This is an extremely simple service, but complexity isn’t the point, so bear with us. This time, when a user connects to the endpoint on localhost using an HTTP GET or POST (i.e. http://localhost:4567/hello), Spark will respond; otherwise, they’ll receive an error status code of 404, not found . With Spark, the code is very concise — a quality that cannot be touted enough. Not only will this make it easier to debug, it will make it easier to maintain and evolve. To underscore this, let’s compare this to a similar example in Golang using mux:

Looking at the two, which are identical in functionality, the Go version is certainly more code. They are both simple, but the real difference is in the readability. The latter example in Golang uses a syntax that might be cryptic and foreign to some programmers. On the other hand, the Spark example simply organizes a “request, response” relationship using a Domain Specific Language designed for this exact purpose. For this basic example, we don’t really need to use mux. Go has built-in functionality that would be much less code if we also dropped the use of Spark from the Java example. When pitting the two languages against each other, sans toolkits, the Go example is far less complex. The point though is that Spark gives you a fluid way of setting up routes that is very approachable — even for a novice. In an upcoming post, we’ll also show you how you scale the use of this toolkit as your API’s codebase grows.

Benefits of Spark

Apparent from even these relatively simple examples, we’ve discovered that Spark has some great benefits when building APIs, including:

  • Speed: Spark is a thin wrapper around Java EE’s Servlet API, which ranks very high on industry benchmarks where not only Java is tested but many programming languages and toolkits.
  • Productivity: Spark aims to make you more productive, giving you a simple DSL for routing your API’s endpoints to handlers.
  • Purpose Built: Spark does not come with any bells or whistles. It is designed to do one thing and one thing very well — routing.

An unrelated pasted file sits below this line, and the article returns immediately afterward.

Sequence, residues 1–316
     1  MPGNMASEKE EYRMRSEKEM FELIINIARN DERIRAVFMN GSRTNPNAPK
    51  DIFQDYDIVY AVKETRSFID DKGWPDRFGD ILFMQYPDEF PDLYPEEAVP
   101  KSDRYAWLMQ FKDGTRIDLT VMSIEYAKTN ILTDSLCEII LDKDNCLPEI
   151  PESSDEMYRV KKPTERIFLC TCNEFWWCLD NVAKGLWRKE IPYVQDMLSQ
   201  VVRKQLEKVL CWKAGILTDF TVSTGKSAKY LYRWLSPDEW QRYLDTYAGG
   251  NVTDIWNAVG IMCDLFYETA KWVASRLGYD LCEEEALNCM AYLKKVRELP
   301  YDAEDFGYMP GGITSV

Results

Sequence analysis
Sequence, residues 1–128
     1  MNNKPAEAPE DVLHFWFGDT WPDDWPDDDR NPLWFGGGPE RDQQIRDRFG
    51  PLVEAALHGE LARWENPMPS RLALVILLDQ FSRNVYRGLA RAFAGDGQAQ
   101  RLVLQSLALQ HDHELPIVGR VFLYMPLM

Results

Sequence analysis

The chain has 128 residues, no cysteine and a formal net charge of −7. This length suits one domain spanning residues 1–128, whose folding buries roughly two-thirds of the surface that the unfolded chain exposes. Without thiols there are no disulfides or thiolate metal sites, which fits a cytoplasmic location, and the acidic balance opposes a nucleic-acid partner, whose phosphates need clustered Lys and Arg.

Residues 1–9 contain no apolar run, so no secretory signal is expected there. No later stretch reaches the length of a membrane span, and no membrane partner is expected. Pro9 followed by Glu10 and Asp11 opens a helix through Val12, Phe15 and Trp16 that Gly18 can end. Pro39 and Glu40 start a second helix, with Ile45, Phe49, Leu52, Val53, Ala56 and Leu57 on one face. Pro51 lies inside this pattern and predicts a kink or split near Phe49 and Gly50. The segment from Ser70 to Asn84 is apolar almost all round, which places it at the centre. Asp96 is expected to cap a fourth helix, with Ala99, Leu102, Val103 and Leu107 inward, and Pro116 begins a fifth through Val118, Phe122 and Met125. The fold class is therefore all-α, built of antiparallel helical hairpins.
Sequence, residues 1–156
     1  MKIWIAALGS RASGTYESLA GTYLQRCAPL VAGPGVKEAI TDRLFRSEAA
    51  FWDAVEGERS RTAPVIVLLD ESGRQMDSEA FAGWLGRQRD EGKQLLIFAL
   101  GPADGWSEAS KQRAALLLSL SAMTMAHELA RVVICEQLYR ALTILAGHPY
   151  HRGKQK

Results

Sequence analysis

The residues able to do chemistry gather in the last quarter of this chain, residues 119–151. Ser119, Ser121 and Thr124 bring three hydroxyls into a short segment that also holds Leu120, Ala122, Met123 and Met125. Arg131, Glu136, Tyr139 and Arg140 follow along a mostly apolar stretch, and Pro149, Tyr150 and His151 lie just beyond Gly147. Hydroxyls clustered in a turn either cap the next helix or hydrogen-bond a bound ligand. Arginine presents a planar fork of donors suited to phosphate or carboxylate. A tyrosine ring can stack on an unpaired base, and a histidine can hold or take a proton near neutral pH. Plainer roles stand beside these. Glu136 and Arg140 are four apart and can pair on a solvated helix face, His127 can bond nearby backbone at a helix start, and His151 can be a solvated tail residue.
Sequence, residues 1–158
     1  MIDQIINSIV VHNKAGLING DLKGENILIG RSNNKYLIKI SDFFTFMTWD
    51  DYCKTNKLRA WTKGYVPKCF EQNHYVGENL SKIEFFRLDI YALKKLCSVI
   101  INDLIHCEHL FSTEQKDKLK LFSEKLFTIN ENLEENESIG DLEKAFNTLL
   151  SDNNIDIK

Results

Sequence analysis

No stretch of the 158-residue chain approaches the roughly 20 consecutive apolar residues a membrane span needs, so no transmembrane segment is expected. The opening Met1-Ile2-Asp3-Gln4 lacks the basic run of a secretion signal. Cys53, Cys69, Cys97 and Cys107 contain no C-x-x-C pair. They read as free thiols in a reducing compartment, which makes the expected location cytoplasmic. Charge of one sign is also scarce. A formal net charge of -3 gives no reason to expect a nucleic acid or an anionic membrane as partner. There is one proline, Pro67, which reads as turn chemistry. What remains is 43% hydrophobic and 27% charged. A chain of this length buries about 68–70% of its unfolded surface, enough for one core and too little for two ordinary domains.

• Cloud Ready: Spark is a great, lightweight alternative to other, heavier frameworks, making it perfect for applications throughout the entire cloud stack.

Utilizing Java’s familiar syntax and raw power is definitely an effective choice when launching your API. When you combine this with the benefits of Spark, you get a powerful pair that will make you more productive. Later this week, we will publish another post to build on our knowledge of the Kotlin programming language, and show how to use this JVM programming language with Spark. We’ll use that language to extend these basic examples to include Controllers and Dependency Injection (DI). In another upcoming post, we will also explore the use of Spark with Scala, so be sure to sign up for the newsletter and catch those as soon as they’re out.


In the meantime, to learn more about Spark, checkout these online resources and examples:

Read up on these, and try out Spark today. Feel free to let us know in a comment below how it turns out.

About Kristopher Sandoval

Kristopher Sandoval is a web developer, author, and artist based out of Northern California with over six years of experience in Information Technology and Network Administration. He writes for Nordic APIs and blogs on his site, A New Sincerity.